In 2014, Greene County Circuit Judge Michael Cordonnier found in favor of the state of Missouri and the Department of Natural Resources in a case against RLB Properties, which operated Whispering Lanes. Judge Cordonnier ruled that the mobile home park and its wastewater treatment system violated the Missouri Clean Water Law, and that RLB had 30 days to demonstrate complete closure of the lagoons to the Department of Natural Resources.
The judge assessed a civil penalty of $41,820 on RLB Properties.
“There was a $41,000 judgment against the previous owner for running an untreated sewage lagoon system, and that’s never been paid. Would that be up to the developer to take care of that, or what happens to that judgment?” Schilling asked.
“I don’t know. I don’t believe it transfers to the new owner, though,” Kerner answered.
“So nobody is held accountable for that, then? Obviously, the present developer didn’t do that. It’s not that developer’s responsibility, but it seemed like something ought to be done about that,” Schilling said.
In his ruling, Cordonnier noted that RLB never had a permit to operate wastewater treatment lagoons, and that the mobile homes were illegally discharging sewage from a lagoon into a sinkhole on the property from at least 2002 to 2013.
23 years on the clock
According to the TIF proposal documents supplied to city council members, the development is expected to generate $8.07 million in tax revenue over a span of 23 years, eventually reaching a tax collection level of more than $400,000 per year. Without the development, the projected tax revenue for the property drops to about $287,000 over 23 years, according to calculations that Springfield Economic Development Director Sarah Kerner provided to the city council. The city of Springfield’s tax benefit over the life of the TIF agreement is projected at about $1.5 million, while Greene County stands to make $1.9 million in added tax revenue if the development lives up to its potential.
To qualify for tax increment financing, a piece of property must be blighted. “Blight,” legally means that unsanitary or unsafe conditions make the land unsuitable for use, but for the plan to develop and repurpose the land. By law, the tax increment financing agreement between the developer and the city of Springfield must demonstrate a positive economic impact for all of the taxing districts involved in it.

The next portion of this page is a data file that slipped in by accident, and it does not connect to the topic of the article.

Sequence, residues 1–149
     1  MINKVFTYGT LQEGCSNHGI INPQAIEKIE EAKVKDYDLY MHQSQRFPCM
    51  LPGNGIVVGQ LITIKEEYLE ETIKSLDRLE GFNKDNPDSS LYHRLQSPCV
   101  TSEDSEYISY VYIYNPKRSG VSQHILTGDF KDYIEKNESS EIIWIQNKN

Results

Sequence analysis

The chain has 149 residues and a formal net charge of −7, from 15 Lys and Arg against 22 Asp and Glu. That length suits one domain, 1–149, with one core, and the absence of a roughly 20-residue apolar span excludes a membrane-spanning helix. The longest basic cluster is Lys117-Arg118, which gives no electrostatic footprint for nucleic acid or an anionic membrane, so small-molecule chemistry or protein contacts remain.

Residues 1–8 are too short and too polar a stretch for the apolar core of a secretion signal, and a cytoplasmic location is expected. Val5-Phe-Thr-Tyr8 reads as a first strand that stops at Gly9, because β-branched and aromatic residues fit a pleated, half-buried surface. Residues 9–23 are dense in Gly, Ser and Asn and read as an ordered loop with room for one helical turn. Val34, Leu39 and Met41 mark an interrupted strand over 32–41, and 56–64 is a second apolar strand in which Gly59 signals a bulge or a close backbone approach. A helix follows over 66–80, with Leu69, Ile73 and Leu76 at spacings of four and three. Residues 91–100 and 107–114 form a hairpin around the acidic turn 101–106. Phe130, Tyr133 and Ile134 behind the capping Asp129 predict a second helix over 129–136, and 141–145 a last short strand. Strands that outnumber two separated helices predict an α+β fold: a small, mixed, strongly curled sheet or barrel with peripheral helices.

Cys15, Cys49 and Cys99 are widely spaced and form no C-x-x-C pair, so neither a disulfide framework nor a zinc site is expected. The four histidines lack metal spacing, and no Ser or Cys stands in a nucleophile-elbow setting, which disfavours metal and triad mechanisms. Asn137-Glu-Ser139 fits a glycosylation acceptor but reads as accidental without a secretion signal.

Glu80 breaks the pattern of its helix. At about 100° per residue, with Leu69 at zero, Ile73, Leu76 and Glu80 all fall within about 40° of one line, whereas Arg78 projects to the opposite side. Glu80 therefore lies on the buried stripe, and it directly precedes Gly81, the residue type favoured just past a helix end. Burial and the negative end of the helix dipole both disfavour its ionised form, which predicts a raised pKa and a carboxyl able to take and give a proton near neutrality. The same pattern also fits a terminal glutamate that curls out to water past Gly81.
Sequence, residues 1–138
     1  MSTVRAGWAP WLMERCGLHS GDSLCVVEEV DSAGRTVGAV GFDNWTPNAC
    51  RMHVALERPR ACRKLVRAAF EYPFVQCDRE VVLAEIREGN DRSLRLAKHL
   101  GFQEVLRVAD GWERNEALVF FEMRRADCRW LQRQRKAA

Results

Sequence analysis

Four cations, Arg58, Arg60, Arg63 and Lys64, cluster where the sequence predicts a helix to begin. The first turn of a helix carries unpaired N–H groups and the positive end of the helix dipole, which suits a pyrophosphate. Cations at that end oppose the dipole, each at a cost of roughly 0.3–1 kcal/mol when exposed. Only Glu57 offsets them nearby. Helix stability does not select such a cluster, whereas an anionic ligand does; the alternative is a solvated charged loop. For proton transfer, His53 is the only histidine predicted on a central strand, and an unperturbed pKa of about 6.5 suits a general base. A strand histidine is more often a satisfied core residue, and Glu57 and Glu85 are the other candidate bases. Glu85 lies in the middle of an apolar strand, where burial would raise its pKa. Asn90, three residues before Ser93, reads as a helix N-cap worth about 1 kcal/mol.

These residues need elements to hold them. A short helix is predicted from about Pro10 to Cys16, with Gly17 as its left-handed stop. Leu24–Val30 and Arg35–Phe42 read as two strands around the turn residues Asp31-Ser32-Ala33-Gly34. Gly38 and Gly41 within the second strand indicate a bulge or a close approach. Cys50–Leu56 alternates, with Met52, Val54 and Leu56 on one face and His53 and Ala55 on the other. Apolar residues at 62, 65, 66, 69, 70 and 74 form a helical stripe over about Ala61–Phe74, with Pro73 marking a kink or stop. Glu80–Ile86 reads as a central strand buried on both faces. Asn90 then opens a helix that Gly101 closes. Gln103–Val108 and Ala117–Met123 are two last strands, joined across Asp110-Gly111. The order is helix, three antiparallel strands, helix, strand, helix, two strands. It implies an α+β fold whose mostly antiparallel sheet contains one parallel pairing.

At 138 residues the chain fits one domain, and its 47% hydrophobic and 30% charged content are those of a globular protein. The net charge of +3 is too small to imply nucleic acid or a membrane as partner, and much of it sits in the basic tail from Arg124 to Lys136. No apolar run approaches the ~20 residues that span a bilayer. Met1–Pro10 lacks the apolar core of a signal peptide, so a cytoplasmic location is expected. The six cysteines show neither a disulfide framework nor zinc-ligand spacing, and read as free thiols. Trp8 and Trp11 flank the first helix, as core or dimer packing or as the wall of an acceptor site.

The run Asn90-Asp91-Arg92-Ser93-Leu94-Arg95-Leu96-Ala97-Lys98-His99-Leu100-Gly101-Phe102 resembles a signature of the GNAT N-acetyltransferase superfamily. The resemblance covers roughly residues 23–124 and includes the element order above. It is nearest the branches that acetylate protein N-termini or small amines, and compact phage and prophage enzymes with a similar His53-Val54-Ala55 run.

The blight study for the Brody Corners proposal includes documentation of dilapidated structures from where the mobile home park once stood and asphalt streets in poor condition. The property is not connected to Springfield’s municipal water supply.
If the Springfield City Council approves the agreement, the Brody Corners development will capture 75 percent of new real property taxes and 50 percent of new sales taxes collected within the 28 acres of land. The remaining sales tax collected — 25 percent of new real property taxes and 50 percent of new sales taxes — will be paid as it usually would to the Republic School District, the city of Springfield, Greene County, Ozarks Technical Community College and the Springfield-Greene County Library District.
“We didn’t come in and ask you to bond this, or pay us or somehow write a check, and to the extent that the community or anyone here thinks that there is going to be a check written or some pile of money is going to be given to the developer — that’s not what’s being asked,” Collins said. “The only request that’s being made is for a portion of the public infrastructure to be reimbursed through tax that’s generated through this development.”
The interest rate clause in the reimbursable funds from the tax increment financing agreement has been amended since the last time the Springfield City Council took up the issue in December 2021. Initially, the agreement called for a 6-percent interest rate. The agreement now specifies that the rate is the prime interest rate plus 1.5 percent, with a cap of 6 percent.
According to Councilman Andrew Lear, the prime interest rate is presently somewhere around 3 or 3.25 percent.
Personal property taxes are not captured in tax increment financing agreements.